Texas Border Business
ALAMO – For the second consecutive year, the U.S. Department of State’s Bureau of Educational and Cultural Affairs has selected PSJA Memorial Early College High School to participate in the Teachers of Critical Languages Program (TCLP).
During the 2019-2020 academic school year, PSJA ISD continued its work to expose students to different cultures and began offering Arabic courses though the PSJA Dual Language Enrichment Program. The Arabic classes were taught at PSJA Memorial ECHS by Nermeen Fathy, an educator from Egypt as part of a grant from the U.S. Department of State’s Bureau of Educational and Cultural Affairs. PSJA ISD was the only district in the state and just one of nine in the country selected to host an Arabic exchange teacher.
“I am very honored and excited to be able to offer this experience to our students again,” said PSJA Memorial ECHS Principal Dr. Rowdy Vela. “The Arabic program this past year was a great success and our students loved learning the language and the culture. I can’t wait for what next year will bring.”
Students who took the course were not only acquainted with the language, but were also able to learn about the exchange teacher’s home country, food, cultures, fashion and history, something Fathy worked hard on this year by offering the community authentic taste tests, fashion shows and even created a mini museum for students as a way to engage students through hands on experiences.
“This year went really well, and Ms. Fathy did a great job of exposing our students to the Arabic language and culture,” said PSJA English Language Development & Biliteracy Director Olivia Martinez. “Giving students the opportunity to learn a new language and culture is important because it will expand their linguistic abilities as well as their cultural awareness.”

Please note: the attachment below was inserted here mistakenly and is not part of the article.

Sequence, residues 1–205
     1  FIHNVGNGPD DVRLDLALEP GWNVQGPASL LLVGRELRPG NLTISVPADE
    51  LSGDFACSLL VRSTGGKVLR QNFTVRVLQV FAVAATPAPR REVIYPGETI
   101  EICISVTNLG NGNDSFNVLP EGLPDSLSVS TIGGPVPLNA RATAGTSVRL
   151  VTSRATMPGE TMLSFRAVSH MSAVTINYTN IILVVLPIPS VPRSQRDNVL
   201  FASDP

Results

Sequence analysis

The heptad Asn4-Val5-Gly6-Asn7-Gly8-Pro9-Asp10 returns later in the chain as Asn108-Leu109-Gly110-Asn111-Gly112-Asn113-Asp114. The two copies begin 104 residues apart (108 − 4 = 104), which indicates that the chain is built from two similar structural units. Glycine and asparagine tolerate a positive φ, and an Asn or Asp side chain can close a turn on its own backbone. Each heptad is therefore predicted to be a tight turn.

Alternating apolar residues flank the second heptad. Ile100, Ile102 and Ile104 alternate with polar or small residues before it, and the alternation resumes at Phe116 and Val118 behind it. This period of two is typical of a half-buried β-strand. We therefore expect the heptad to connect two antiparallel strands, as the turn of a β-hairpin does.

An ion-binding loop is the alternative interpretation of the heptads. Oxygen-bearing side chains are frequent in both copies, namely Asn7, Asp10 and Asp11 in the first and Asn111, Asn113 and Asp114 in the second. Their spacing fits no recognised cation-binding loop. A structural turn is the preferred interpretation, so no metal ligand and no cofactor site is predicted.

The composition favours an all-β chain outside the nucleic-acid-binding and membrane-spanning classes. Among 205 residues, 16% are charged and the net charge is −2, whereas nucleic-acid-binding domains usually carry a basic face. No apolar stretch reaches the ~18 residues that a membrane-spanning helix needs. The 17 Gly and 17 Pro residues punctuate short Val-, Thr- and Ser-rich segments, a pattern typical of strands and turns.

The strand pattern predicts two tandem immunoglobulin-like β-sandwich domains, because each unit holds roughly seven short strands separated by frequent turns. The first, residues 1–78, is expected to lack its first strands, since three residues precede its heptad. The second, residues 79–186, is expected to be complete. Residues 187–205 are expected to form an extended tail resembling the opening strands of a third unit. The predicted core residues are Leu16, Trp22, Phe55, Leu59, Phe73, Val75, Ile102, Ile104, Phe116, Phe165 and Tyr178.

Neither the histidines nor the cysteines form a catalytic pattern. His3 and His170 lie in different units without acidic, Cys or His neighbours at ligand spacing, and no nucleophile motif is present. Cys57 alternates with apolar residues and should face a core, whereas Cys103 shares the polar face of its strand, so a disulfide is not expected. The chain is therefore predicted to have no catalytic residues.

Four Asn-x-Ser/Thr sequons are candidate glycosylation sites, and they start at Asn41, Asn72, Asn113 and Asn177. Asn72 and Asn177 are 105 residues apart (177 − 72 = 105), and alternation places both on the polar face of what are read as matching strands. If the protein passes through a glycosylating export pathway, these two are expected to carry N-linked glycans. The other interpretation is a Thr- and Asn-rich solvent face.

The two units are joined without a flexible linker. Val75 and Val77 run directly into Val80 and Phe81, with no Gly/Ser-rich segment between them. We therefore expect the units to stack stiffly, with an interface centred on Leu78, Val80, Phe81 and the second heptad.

TCLP was created as a way to increase the study and acquisition of important world languages in U.S. schools, according to its website. The program works to strengthen primary and secondary schools by bringing Chinese, Egyptian and Moroccan teachers to the United States to teach their native language for the academic year.
“Learning new critical languages of the world such as Arabic and Mandarin will open doors for students in the future,” Dr. Vela said. “Depending on their career path, knowing more than one language will set them apart from others and make them shine. Learning new languages and cultures also broadens horizons. It makes individuals more empathetic, understanding, and more of a global human being.”
As a way to continue encouraging multi-literacy across the district, students in the PSJA Southwest ECHS feeder pattern are also able to take Mandarin Chinese thanks to exchange teachers from China who were hired through the College Board’s Chinese Guest Teacher Program.
“At PSJA we are exposing our students for a global economy,” said PSJA Superintendent Dr. Jorge L. Arredondo. “I commend our directors, principals and staff for ensuring our schools continue to offer these high caliber programs for our students.”
Students interested in participating in the Arabic or Mandarin can do so by reaching out to their respective school counselor.